When Titleist launched only five new iron models last fall, I figured that meant I’d be telling you about another new Titleist iron right about now. And, yup, here we are, though the T100•S isn’t even remotely what I thought we’d be talking about.

As part of our annual Editor’s Choice Awards, we discussed the evolution of the Titleist brand, specifically my assertion that the overhaul of its club lineup has been nothing short of dramatic. It’s as if the company managed to chisel off its cement shoes, take several steps forward and actually do something different and, dare I say, interesting. Perhaps more impressive is how, thus far, it has been able to strike a balance between maintaining its identity and reinventing itself.

Case in point: A year ago, the T100•S would have been totally out of character for Titleist but if you’ve been keeping up with the new (and improved) version, it makes perfect sense.

Titleist T100 S Irons

The Simplest Iron Story Ever Told

If you’re looking for a complicated technology story, you’ve come to the wrong place. Guys, this one is as easy as it gets, so I’m going to move fast.

The T100•S is almost exactly like the T100, except that the lofts are 2° stronger. The S stands for Strong.

Done.

I’ve been told that I sometimes can be overly technical so I want to make sure I didn’t lose any of you.

Everybody good?

Titleist T100 S Irons

Is that it?

Let’s address what many of you are probably thinking. No, Titleist didn’t just take T100, bend it 2° stronger, Sharpie an “S” on it, and do the Vegas dealer thing – clap its hands, maybe give you a touch of spirit fingers – walk away from the table and call it a day.

When you change the loft of an iron, the bounce goes with it. In a “better player’s” club, that’s a turf interaction problem waiting to happen. If you’re reducing loft to add distance and you have any aspirations of holding greens, you’re going to have to move some weight around inside the head as well.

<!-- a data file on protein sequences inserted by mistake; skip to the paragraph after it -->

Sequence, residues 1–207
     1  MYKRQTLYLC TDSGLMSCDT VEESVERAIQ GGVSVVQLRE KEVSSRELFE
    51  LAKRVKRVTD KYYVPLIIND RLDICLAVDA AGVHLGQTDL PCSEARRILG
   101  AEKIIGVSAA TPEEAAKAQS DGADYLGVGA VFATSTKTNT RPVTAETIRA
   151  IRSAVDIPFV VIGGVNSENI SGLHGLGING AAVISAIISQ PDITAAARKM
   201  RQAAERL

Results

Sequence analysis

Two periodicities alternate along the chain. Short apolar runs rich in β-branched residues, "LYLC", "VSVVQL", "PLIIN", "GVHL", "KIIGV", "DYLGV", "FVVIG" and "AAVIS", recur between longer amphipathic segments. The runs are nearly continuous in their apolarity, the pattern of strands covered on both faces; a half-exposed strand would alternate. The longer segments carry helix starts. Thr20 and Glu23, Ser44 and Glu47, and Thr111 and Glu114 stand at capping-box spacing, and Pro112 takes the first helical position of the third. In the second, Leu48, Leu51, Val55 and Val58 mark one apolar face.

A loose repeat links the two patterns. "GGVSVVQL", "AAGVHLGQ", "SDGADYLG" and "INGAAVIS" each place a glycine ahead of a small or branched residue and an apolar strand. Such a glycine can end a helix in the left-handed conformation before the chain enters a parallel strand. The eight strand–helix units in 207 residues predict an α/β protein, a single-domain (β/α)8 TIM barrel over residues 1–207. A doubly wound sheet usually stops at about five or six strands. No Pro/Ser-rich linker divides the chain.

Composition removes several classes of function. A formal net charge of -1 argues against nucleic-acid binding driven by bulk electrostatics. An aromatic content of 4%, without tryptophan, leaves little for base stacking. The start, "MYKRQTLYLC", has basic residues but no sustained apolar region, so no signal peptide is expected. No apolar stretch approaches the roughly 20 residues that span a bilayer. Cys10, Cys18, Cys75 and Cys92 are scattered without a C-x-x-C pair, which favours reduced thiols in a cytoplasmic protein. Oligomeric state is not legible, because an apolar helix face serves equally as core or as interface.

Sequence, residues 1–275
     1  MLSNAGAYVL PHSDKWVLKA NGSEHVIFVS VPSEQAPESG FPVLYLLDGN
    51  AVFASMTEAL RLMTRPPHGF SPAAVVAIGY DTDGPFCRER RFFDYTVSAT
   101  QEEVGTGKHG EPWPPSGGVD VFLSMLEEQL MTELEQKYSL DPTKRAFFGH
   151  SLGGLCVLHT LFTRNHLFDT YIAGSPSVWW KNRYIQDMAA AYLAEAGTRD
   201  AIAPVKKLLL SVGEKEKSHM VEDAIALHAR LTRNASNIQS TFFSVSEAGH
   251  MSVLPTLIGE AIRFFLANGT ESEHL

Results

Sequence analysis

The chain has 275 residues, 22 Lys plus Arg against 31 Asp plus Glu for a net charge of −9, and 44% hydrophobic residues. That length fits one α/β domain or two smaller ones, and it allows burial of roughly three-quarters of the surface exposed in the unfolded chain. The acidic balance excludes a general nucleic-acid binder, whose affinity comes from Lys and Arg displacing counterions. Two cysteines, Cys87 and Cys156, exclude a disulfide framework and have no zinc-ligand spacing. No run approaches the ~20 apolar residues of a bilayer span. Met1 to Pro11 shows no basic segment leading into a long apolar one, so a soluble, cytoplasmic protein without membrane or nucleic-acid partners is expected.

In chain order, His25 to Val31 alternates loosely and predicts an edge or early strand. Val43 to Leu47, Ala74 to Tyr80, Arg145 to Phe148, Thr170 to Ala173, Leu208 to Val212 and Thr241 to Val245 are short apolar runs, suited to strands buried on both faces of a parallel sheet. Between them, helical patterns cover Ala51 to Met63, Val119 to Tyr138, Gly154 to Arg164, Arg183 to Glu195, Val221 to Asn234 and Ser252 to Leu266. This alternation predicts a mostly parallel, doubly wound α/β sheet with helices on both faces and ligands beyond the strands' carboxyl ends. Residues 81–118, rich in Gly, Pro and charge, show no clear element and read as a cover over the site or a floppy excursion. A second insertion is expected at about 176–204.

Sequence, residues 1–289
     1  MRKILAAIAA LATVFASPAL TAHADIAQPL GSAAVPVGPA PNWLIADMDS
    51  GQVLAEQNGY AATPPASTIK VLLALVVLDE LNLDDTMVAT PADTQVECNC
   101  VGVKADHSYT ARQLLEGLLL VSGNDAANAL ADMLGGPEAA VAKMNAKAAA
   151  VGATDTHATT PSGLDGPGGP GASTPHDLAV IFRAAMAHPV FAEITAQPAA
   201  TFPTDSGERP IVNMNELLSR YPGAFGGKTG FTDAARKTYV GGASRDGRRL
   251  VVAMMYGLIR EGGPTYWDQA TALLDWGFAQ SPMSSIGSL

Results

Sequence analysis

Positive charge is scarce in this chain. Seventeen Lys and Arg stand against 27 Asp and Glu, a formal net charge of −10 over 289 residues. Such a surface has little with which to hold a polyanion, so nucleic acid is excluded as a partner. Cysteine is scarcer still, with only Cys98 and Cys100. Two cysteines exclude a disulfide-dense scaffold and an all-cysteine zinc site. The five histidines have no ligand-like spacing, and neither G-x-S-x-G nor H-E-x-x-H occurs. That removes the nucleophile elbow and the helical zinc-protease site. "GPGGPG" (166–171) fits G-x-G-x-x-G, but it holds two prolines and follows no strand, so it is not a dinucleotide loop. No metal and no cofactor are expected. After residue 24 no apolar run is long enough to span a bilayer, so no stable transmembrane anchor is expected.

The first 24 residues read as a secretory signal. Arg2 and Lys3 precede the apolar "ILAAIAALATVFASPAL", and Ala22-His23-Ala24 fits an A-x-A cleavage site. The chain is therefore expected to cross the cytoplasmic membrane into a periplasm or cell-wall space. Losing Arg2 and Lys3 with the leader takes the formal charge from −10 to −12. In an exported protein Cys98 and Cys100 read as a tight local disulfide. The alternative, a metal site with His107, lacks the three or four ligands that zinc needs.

The point I need to convey as that while the T100•S has the same bones – the same look and feel of the T100 – the internal tungsten weights were reshaped to shift the center-of-gravity locations lower to provide optimal launch with less loft.

And, yes, the soles were tweaked as well to keep bounce angles consistent with the T100.

Titleist T100 S Irons

Why?

Why loft-jack a better player’s iron? (You might ask.)

It’s no secret that the “player’s distance” category has taken off in recent years. Nearly every manufacturer has a set of irons (if not multiple sets) in the category but Titleist thinks something is missing.

That “something” is a true single-piece solid-face forging. “Think of it as a player’s distance iron with all caps on the word PLAYER’S,” says Josh Talge, Titleist’s VP of Golf Club Marketing.

If you accept that what’s missing from the player’s distance category is an emphasis on players, you’ll be excited to know that Titleist says it has the solution.

Titleist T100 S Irons

Talge says the idea for T100•S isn’t much different than the intent behind the original AP2. That was supposed to be what we now think of as a player’s distance iron but as it became popular on tour, the distance part of AP2’s story faded away.